3.2 Retrospectivity and delays

Committee Finding

The Committee found that "While retrospectivity is inevitable . . . it is possible that some validation processes have been delayed and that this is a concern and, possibly direct expense to the nursing home."


Concerns about timeliness and retrospectivity are being addressed by accelerating the schedule of validations, completing 1986-87 validations by June 1994, and limiting time delay to three years. The provision of additional resources for validation in the 1990-91, 1991-92 and 1992-93 Budgets has allowed the backlog to be substantially reduced. Over the past three years, since the provision of additional resources, 2330 individual year validations have been completed covering 790 nursing homes and 8 financial years. Recoveries over the last three financial years have been $12.5m in 1990-91, $22m in 1991-92 and $20m in 1992-93. During the period 1 July 1993 to 31 October 1993, $2.5m has been recovered.

Nonetheless it is not the case that time delays have caused financial loss to proprietors. Nursing homes have had the use of the funds on an interest free basis for a significant period of time. This would be to the financial advantage of nursing homes rather than be a direct expense.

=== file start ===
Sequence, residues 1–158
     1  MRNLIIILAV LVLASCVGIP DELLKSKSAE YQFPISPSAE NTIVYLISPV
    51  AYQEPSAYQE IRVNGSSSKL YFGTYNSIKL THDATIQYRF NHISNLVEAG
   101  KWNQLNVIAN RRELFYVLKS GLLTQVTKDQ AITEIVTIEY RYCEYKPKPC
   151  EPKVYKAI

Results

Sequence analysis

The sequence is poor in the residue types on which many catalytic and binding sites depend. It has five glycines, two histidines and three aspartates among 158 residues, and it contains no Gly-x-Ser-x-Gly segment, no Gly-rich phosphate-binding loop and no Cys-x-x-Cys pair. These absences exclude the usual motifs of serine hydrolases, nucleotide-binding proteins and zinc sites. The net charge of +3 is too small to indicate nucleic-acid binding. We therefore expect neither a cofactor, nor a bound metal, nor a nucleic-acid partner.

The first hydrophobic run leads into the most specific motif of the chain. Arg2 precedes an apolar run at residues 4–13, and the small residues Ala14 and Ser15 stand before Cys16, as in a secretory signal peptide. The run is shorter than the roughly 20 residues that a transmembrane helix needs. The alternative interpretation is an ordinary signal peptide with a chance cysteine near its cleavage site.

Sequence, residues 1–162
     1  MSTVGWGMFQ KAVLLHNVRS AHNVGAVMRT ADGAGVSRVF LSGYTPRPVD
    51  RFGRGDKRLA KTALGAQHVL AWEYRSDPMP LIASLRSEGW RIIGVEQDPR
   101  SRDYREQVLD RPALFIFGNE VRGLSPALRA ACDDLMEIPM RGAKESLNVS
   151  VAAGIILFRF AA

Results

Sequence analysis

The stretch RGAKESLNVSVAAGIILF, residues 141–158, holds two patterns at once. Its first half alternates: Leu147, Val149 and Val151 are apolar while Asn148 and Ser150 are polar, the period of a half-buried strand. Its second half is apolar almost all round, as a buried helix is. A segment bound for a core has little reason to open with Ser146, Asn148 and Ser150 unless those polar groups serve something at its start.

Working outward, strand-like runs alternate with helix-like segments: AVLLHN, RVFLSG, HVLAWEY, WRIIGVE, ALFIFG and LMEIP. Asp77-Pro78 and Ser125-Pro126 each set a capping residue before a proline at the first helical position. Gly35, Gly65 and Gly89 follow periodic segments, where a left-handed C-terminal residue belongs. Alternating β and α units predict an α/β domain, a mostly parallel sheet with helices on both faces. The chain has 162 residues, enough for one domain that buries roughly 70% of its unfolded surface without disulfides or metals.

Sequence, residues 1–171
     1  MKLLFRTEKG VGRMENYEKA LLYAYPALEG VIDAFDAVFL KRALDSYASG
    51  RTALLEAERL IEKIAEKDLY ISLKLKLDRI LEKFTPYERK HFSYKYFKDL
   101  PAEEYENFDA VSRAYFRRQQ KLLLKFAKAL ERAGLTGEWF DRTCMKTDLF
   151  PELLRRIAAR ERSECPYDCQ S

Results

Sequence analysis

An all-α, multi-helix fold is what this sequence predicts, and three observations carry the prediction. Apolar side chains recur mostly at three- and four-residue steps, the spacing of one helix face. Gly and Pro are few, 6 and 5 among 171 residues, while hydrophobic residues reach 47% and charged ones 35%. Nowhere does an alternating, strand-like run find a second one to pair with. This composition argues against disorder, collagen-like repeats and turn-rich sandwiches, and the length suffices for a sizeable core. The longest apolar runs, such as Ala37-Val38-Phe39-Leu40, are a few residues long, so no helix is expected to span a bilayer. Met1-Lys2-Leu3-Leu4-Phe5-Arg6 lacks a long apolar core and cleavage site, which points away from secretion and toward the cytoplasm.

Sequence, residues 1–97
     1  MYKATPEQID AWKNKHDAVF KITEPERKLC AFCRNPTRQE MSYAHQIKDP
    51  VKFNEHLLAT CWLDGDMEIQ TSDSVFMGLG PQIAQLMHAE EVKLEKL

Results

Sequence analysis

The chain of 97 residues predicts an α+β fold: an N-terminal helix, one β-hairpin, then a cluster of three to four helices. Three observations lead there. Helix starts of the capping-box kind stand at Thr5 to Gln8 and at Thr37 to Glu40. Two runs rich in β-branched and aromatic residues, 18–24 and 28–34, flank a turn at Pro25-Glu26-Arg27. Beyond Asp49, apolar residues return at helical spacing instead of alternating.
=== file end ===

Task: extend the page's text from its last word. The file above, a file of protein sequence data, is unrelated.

Further, claims of retrospective policy making results from the nature of the funding system that was initially established with CAM expenditure being defined on the basis of first principle. This first principle was clear and agreed between the Department and the industry organisations. The flexibility inherent in this approach allows some proprietors to test the limits of this flexibility by claiming that staff performing SAM duties were performing nursing and personal care duties. This leads to conflict because there is a strong profit motive for infrastructure or SAM costs to be claimed against care funding, or CAM. Under the legislation the Department has no option but to reject such duties, when claimed as CAM.